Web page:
Gold-buying fever continued unabated among the untutored masses
worldwide last week. Imports to India, the biggest gold consumer by
far, were running at five times average levels, according to
investment bank UBS. Chinese smallholders used their May Day
holiday not to head for the beach, as this column naively suggested
last week, but to flood the gold dealers in Hong Kong.
Turkey bought more gold
in April than in any month since the fateful days of August 2008.
And so on.
Were the financial pros back in New York and London impressed by
this spontaneous outpouring of gold love? Not a bit.
The mood in Bloomberg's weekly gold analysts' poll darkened
substantially in the May 2 results: 20 gurus predicted falling
prices, against nine expecting a rise and four abstainers. A week
earlier, the bulls and bears were evenly matched. The latest
figures from the US
Commodities Futures Trading Commission
, published April 30, show swap traders holding nearly twice as
many short as long contracts on gold.
What might Wall Street know that moms and pops in developing
markets do not? One hint comes from an interesting bit of research
published by French bank
last week. It seems - and we should all be thrilled to know this -
that structured finance has infected the ancient art of gold
trading through an instrument known as a "reverse convertible
This involves a financial institution lending cash to an asset
buyer, at an elevated interest rate, but in return granting the
buyer a put option to sell the lender said asset at a pre-agreed
price. Investopedia tells us that RCNs "provide a predictable,
steady income that can outpace traditional returns."
Unless of course the value of the underlying asset falls sharply
and the put option triggers. This is just what happened when gold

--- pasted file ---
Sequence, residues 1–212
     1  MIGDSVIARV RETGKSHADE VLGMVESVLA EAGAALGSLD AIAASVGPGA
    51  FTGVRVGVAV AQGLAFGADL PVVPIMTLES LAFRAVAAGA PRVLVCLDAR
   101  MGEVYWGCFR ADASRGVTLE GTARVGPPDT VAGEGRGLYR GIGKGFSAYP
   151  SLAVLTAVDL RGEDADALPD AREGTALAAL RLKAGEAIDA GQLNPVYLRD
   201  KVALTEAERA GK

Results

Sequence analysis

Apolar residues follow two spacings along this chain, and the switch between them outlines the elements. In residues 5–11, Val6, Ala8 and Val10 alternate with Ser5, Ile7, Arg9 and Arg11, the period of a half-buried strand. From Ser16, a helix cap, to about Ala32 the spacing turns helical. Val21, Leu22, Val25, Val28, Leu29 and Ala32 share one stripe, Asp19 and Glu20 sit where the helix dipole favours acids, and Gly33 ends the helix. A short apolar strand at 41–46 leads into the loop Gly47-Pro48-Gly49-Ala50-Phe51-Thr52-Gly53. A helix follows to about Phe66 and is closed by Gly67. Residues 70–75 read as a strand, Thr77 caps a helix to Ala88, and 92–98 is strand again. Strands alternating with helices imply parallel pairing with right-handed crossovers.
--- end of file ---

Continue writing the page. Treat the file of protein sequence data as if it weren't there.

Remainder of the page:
started to tank a few weeks ago. "It's hard to determine what was
the biggest cause for gold's decline, but structured products
played a part in exacerbating the downward spiral," BNP's chief of
commodity sales, Guillaume Picot,
But this latest necromancy with RCNs is just more proof of a bigger
picture problem: professional and retail gold buyers are living in
separate worlds psychically if not geographically. The pros measure
gold's performance against that of other assets, particularly
stocks, and stocks have been killing gold for going on two years
(INDEXSP:.INX) has climbed by nearly 40% since Oct. 2011; the
SPDR Gold Shares ETF
(NYSEARCA:GLD) has lost 15%.
At a certain point all but the hard-core gold bugs will give up on
the idea of the metal outperforming. The mid-April market panic
seems to have been that point. All the more so as the main
intellectual argument for gold - that central bank credit expansion
will dilute "fiat" currencies and spur a new bout of monetary
inflation - keeps stubbornly failing to come true.
The retail buyers lining up to grab gold at "bargain" prices don't
care about or trust stock markets, for the most part. In India they
are acting on a time-honored tradition that precious metal is a
woman's mad money, her potential salvation in the event of marital
disaster or widowhood. Gold stashes are passed down from mother to
daughter, or showered on brides as a wearable testament of
financial independence. So consumers will always buy more if the
price looks affordable.
The retail purchaser has the numbers in the world gold equation.
ETF investors sold off 174 tons of metal in April, a record for
them and enough to spur a market crash. But jewelry and
gold-coin/bar buyers scooped up 222 tons in an average month last
year. So a bull run at the shops can easily offset a bear patch on
the Street in terms of raw demand.
But the pros can move the market more quickly with cascading
instantaneous sell-offs of fund holdings or collateral on their
reverse convertibles. Thus the gold price plunged by 13% in two
sessions between April 11-15, and has gained back only half that
despite the masses' positive response.
At the moment the market is in stalemate, having done basically
nothing last week. The near-term outlook would have to be called a
bit bearish. Institutional investors look determined to shave
weightings on gold so long as equities stay buoyant. The retail
frenzy has to calm eventually, especially as India's spring wedding
season is winding down this month.
Two caveats to this modest prediction, though: The "bearish"
analysts in the Bloomberg poll nonetheless expected an average
year-end price of $1,550 an ounce, 5% above current levels. More
important, last time the mavenocracy was so gloomy on gold, in Feb.
2010, it was also dead wrong. The metal proved to be in a
short-term correction and climbed by 50% over the following 18
So go figure.